With his generous double chin and wide smile, Radovan Karadzic looked more like a portly Dickensian schoolmaster as he sat at his defence hearing, than a military leader accused of masterminding the killings of more than 20,000 people.
Since his capture in 2008, Karadzic has been piling on the pounds in his cell in The Hague's detention unit, dubbed the "Hague Hilton" by critics.
His bloated appearance was a far cry from his look after his arrest on a bus in 2008, where he was photographed in thick glasses and a full white beard. Karadzic's early court appearances saw him clean-shaven, but gaunt and tired.
But since having one genocide charge dropped against him in June this year, Karadzic seems to have regained his appetite, looking closer to the leader with the swollen waistline seen strolling around with his army in photographs of the bloody era.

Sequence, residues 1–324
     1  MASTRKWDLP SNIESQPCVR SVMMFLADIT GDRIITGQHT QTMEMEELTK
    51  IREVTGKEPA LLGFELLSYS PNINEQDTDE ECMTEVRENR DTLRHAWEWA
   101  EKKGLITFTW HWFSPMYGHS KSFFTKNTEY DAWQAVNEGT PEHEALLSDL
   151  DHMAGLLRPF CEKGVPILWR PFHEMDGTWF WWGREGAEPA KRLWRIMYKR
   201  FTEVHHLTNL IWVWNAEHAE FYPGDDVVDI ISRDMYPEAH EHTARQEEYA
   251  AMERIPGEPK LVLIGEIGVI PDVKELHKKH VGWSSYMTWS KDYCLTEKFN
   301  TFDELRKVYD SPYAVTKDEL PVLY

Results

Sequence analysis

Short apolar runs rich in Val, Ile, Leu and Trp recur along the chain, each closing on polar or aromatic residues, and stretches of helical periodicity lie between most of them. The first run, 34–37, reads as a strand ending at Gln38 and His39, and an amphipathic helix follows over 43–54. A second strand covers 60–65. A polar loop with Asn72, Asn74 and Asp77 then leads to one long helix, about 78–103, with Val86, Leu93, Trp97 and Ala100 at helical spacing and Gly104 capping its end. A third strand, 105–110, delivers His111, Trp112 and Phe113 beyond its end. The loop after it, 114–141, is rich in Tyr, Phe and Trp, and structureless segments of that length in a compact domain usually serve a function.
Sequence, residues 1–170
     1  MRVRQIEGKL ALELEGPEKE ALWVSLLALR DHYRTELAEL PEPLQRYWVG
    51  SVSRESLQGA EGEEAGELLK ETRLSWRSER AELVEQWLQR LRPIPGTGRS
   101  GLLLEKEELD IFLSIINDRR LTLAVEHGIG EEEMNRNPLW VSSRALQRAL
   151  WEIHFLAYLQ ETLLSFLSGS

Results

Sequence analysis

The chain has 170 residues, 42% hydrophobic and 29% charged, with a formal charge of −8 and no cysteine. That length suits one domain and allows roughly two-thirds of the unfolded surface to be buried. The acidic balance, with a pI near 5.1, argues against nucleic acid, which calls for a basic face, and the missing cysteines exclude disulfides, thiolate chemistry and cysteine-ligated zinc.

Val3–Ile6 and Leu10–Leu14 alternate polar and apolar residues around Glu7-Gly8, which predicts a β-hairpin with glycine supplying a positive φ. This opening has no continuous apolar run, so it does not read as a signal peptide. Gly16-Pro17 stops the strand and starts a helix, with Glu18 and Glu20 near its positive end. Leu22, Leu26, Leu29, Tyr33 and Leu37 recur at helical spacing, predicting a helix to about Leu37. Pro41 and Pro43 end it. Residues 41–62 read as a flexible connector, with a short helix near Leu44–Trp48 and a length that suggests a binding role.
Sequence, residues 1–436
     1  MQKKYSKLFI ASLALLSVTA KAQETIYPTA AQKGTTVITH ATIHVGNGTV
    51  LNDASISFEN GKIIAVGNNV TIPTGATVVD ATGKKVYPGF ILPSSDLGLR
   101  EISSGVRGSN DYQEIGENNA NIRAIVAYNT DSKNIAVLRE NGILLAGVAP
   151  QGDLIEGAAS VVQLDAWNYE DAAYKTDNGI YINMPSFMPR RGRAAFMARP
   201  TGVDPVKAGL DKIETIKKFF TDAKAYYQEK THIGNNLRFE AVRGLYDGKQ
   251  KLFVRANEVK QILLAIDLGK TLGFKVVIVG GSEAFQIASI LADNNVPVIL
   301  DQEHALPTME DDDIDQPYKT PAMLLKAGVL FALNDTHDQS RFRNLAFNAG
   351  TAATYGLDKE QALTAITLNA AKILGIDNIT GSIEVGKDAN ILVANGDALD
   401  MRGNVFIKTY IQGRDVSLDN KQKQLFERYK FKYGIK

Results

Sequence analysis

According to the Daily Telegraph, the special war crimes unit at The Hague's detention unit not only clearly has irresistibly delicious food, but "has a full daily schedule providing for fresh air, exercise, medical care, occupational therapy, spiritual guidance, conditions suitable for the preparation of defence, IT facilities and training, visiting and recreational and sport activities".
Not good enough for Charles Taylor, the war crimes suspect and former president of Liberia, who complained in court of "draconian" conditions and unappetising "rather Eurocentric" food.
He boycotted his trial for a day after having to sit handcuffed in a vehicle outside the court for several minutes, which he considered to be “disrespectful” to him.
The New York Times described a jovial atmosphere among suspect war criminals, who mill around the communal kitchen "where some former enemies trade recipes and dine on cevapi, or Balkan meatballs."